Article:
By TIM FAULKER/ecoRI News staff
PROVIDENCE — The banner held by climate activists outside the Statehouse on March 6 read: “Expect Resistance.” And it might be a sign of things to come.
Of the 16 protesters, nine were from Massachusetts and several were involved in recent high-profile protests in the Boston area, protests that were part of a wave of nationwide acts of civil disobedience to promote racial equality.
Nelli Routsalainen of Roxbury, Mass., was arrested and fired from her job with the city of Boston for participating in an anti-discrimination protest in January that blocked highway traffic along Interstate 93. She and others from the Boston area are opposing the Algonquin natural-gas pipeline expansion project that runs through southern New England. The project also includes a massive compressor station upgrade in Burrillville, R.I., and pipeline extensions in Boston.
Routsalainen and other Mass. protestors are part of the activist group Stop the West Roxbury Lateral Pipeline. They joined members of Fight Against Natural Gas (FANG) and Burrillville Against Spectra Energy (BASE) during a three-day march, March 4-6 from Burrillville to Providence, where several actions were held.
The group was not deterred by news on the first day of the march that the Algonquin project received key approval from the Federal Energy Regulatory Commission (FERC). The authorization, they say, was predetermined and while other permits are needed, including at least two from Rhode Island agencies, the goal is to create awareness and halt the four other natural-gas pipeline projects planned for New England.
“I’m hoping a lot of the energy here will spill over to other projects,” Routsalainen said.
Jimmy Betts spent 2014 crossing the country and joining environmental protests, many against pipeline projects. In December, he was arrested during a civil action at a natural-gas underground storage facility in upstate New York. The goal of the actions, he and other activists say, is to use nonviolent methods to draw attention to the health and ecological risks of fracking and natural-gas pipelines.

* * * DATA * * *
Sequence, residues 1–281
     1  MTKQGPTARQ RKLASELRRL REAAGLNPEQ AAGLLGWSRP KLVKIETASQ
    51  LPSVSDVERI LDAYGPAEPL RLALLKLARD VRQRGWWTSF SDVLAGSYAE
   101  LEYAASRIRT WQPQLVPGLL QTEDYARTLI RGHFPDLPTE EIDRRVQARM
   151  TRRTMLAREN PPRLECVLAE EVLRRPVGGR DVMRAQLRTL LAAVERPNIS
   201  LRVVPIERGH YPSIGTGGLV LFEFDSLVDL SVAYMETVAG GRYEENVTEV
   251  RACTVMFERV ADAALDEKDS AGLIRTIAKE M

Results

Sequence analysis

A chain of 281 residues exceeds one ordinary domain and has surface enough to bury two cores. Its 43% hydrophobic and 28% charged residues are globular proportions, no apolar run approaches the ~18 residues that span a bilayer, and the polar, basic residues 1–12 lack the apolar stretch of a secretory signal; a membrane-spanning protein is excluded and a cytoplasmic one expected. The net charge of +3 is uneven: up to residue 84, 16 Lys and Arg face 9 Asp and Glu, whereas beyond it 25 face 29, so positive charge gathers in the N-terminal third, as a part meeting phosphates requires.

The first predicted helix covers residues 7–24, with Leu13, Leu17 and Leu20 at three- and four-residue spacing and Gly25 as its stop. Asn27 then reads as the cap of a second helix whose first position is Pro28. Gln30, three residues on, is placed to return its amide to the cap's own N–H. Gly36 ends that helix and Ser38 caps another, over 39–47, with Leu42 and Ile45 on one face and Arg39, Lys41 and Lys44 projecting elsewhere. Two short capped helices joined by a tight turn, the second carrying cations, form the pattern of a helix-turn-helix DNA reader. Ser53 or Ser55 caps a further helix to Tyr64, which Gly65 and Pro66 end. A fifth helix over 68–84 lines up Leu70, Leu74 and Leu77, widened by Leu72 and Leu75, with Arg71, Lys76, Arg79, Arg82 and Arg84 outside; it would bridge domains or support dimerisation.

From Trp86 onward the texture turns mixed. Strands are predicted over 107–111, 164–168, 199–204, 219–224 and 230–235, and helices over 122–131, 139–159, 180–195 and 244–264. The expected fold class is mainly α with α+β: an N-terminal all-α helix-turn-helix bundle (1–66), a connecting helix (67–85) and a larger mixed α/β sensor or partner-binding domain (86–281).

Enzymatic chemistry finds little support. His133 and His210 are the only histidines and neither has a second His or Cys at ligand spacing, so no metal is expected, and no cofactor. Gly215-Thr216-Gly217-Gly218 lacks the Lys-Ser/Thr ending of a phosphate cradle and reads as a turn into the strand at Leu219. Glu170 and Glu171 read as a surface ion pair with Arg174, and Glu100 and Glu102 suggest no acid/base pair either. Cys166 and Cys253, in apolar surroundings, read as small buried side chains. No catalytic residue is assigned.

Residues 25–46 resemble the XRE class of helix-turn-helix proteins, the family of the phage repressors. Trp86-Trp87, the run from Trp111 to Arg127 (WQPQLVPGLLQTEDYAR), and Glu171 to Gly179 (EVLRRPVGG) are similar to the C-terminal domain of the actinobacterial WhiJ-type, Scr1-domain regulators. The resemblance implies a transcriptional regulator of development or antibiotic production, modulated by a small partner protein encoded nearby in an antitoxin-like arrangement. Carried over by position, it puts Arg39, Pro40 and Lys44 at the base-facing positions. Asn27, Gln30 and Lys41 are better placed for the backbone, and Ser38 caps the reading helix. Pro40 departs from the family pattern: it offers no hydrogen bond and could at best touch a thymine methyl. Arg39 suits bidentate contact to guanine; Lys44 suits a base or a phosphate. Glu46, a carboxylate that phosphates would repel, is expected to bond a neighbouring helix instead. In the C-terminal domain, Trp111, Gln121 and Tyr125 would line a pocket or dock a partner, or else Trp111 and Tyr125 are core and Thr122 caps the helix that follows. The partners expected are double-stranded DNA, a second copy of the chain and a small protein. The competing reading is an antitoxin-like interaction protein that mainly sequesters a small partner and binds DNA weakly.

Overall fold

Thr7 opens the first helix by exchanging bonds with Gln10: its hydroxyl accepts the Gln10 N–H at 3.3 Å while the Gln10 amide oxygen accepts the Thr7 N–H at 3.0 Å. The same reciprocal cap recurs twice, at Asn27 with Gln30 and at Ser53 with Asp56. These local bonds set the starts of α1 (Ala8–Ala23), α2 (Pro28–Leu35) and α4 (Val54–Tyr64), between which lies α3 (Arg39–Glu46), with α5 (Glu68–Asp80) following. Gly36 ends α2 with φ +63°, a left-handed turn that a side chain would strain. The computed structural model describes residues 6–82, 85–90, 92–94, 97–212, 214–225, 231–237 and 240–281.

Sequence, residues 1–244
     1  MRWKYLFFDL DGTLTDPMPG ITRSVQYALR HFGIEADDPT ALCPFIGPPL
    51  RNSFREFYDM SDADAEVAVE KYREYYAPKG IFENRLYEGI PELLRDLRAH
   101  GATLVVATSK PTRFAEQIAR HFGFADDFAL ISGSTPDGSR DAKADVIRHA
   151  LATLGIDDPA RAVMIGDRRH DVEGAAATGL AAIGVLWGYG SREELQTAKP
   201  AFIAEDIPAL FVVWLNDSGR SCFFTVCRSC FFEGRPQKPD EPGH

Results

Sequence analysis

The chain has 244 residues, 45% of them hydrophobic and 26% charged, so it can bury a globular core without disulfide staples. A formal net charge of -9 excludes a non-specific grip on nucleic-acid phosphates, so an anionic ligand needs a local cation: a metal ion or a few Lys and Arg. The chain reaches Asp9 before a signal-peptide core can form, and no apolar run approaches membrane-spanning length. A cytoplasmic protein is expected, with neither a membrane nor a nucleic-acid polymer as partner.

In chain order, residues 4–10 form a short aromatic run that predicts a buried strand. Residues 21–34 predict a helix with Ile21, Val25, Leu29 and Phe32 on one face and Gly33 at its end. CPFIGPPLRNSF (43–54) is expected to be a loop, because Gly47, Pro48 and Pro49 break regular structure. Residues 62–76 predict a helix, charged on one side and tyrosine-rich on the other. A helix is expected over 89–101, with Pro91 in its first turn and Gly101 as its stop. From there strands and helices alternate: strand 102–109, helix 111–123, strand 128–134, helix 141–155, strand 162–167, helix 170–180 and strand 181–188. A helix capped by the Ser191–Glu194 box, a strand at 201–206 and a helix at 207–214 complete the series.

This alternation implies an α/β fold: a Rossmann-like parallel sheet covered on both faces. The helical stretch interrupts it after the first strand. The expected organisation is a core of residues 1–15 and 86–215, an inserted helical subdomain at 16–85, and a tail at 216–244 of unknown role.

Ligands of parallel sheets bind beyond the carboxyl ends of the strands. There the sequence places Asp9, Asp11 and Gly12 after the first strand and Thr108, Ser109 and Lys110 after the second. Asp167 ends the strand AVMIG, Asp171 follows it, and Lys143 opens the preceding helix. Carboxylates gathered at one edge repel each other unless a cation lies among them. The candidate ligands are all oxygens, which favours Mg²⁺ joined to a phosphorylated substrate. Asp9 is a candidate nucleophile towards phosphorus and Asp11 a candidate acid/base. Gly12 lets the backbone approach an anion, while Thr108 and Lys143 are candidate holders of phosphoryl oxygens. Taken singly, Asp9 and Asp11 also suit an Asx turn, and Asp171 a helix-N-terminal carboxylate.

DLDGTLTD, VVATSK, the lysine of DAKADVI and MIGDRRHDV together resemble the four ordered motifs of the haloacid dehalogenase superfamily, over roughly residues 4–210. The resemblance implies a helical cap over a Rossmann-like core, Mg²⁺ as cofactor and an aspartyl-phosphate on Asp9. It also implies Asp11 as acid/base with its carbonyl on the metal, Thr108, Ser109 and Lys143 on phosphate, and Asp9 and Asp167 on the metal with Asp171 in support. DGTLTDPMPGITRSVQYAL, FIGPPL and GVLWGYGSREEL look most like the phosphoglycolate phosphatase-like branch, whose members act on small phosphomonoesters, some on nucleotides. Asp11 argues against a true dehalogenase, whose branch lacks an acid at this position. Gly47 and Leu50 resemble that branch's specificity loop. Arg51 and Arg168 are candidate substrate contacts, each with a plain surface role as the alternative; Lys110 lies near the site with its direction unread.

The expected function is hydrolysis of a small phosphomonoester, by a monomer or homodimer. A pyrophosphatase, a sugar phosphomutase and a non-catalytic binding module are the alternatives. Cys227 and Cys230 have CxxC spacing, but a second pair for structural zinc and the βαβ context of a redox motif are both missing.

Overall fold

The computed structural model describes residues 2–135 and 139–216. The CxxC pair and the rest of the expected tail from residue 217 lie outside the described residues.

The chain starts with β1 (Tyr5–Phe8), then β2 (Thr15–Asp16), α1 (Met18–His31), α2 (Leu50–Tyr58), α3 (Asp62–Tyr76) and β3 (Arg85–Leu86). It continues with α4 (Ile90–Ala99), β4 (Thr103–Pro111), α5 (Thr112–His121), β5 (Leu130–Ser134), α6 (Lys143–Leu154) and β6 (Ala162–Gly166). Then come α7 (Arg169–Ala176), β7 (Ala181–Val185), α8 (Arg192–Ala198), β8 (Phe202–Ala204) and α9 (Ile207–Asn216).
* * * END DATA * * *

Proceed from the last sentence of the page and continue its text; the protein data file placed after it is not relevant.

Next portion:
“It’s a bigger issue beyond the pipeline project here,” Betts said.
So far, anti-pipeline protests have included suspending an activist from a tripod inside the Waltham, Mass., office of Houston-based Spectra Energy, the company that owns the Algonquin and other New England pipelines.
On Feb. 28, FANG interrupted a speech by Sen. Sheldon Whitehouse, D-R.I., at the Yale Law School in New Haven, Conn. The group has also staged sit-ins at Whitehouse’s office in Providence and Sen. Jack Reed’s office in Cranston. Arrests were made at both offices.
The recent march ended at the Statehouse and in Gov. Gina Raimondo’s office. It was followed by actions at the Rhode Island Department of Health, Department of Environmental Management (DEM) and Whitehouse’s office.
Neither Raimondo nor any members of her staff would meet with the activists after they entered the outer chamber of her office and held a brief protest. DEM director Janet Coit, however, did sit down with the group, and according to the activists, expressed sympathy for their cause.
The lead organizer for the Rhode Island actions, Nick Katkevich, said more nonviolent civil disobedience is planned to protest the Spectra project. The public he said needs to know that the gas running through the expanded and highly pressured pipelines is not all for local use and instead for shipping overseas.
“That’s what this is really about it: exports. And making our region dependent on fossil fuels for generations to come,” he said.